The Day of the Dead, a family festival of face-painting, storytelling and connecting with ancestors, has become a major cultural holiday in the US
Halloween Americas festival of sugar will undoubtedly be on everyones minds on Monday as households across the country get ready to buy enough candy to feed a small village. Parents will return after a long day at the office and prepare to spend their evening awkwardly greeting neighbors as their kids dressed as Kylo Ren or Iron Man (again) excitedly wait for more Skittles and 3 Musketeers. But where are the ghosts or the macabre scenes from the past that more genuinely capture the spirit of Halloween? Its a lament for those who would eschew the lame crop of sexy nurses for a more thoughtful celebration.
But what if I told you there is a family-oriented holiday with 3,000 years of divine tradition that has a much deeper connection with the supernatural and the dead? A three-day festival where parents and children congregate and remember loved ones who have passed away by celebrating their death with face-painting, storytelling and food offerings that honor the spirits of our past. A celebration where Mexican families have been known to carry sugar skulls and marigolds bright as the sun, as they walk in procession ready to greet the spirits of the un-living.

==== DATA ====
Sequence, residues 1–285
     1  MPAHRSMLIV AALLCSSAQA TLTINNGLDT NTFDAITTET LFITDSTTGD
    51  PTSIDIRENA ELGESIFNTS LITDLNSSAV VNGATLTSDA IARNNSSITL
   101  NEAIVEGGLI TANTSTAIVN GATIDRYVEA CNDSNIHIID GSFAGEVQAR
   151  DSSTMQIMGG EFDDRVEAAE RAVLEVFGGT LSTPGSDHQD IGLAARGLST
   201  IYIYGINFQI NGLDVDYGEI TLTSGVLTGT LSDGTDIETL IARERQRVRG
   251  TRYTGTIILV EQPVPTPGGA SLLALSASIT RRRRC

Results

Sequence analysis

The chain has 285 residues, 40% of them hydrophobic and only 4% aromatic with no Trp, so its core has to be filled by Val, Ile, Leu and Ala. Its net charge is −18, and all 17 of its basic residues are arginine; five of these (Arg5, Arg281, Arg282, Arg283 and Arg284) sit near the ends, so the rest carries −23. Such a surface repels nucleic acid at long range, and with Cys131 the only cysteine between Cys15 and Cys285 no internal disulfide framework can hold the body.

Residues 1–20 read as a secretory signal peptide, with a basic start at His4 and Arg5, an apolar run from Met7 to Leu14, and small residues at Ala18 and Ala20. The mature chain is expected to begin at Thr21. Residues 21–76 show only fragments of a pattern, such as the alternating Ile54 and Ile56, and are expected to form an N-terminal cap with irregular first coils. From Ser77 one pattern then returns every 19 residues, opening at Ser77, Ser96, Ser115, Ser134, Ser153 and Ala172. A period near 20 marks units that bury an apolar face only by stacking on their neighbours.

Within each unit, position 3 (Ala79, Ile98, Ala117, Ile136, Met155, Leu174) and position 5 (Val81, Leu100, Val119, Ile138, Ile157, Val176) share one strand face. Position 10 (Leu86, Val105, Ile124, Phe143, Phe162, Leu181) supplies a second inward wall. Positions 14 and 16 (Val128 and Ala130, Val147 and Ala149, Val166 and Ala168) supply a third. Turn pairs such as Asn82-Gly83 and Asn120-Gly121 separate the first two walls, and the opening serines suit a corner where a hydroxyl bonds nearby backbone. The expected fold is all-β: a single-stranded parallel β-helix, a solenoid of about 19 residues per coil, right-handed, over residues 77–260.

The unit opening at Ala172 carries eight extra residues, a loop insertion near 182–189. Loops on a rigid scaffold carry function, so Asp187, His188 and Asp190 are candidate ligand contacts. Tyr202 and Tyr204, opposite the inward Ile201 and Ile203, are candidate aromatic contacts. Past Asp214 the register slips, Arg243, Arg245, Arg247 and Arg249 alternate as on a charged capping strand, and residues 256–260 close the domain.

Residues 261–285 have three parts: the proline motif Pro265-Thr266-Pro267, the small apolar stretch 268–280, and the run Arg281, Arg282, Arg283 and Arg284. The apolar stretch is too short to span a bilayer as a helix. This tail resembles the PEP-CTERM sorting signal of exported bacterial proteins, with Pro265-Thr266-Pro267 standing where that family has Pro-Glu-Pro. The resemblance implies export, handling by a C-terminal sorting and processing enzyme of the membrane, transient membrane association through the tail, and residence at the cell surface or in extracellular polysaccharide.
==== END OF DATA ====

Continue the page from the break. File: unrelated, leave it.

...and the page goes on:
Welcome to Da de los Muertos: Halloweens antidote.
Da de los Muertos (or Day of the Dead) originates from the Aztecs, who believed that death was just another page in the book of existence and was actually the beginning of a new life. As a ritualistic celebration, they would gather offerings to the goddess Mictecacihuatl (Lady of the Dead) for dead children and adults. Spanish conquistadors viewed it as a sacrilegious event but instead of extinguishing it altogether, they decided to combine it with Catholic practice so it would correspond with All Saints Day (1 November) and All Souls Day (2 November).